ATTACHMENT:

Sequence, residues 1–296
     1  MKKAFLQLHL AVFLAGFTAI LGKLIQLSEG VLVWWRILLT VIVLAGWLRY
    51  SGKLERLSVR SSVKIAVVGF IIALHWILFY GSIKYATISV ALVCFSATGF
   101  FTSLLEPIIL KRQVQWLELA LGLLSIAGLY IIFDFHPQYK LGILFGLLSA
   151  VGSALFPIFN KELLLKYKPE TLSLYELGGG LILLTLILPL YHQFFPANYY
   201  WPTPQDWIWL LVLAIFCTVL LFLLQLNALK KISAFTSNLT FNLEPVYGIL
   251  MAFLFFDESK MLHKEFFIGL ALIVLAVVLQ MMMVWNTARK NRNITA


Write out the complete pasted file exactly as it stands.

Sequence, residues 1–296
     1  MKKAFLQLHL AVFLAGFTAI LGKLIQLSEG VLVWWRILLT VIVLAGWLRY
    51  SGKLERLSVR SSVKIAVVGF IIALHWILFY GSIKYATISV ALVCFSATGF
   101  FTSLLEPIIL KRQVQWLELA LGLLSIAGLY IIFDFHPQYK LGILFGLLSA
   151  VGSALFPIFN KELLLKYKPE TLSLYELGGG LILLTLILPL YHQFFPANYY
   201  WPTPQDWIWL LVLAIFCTVL LFLLQLNALK KISAFTSNLT FNLEPVYGIL
   251  MAFLFFDESK MLHKEFFIGL ALIVLAVVLQ MMMVWNTARK NRNITA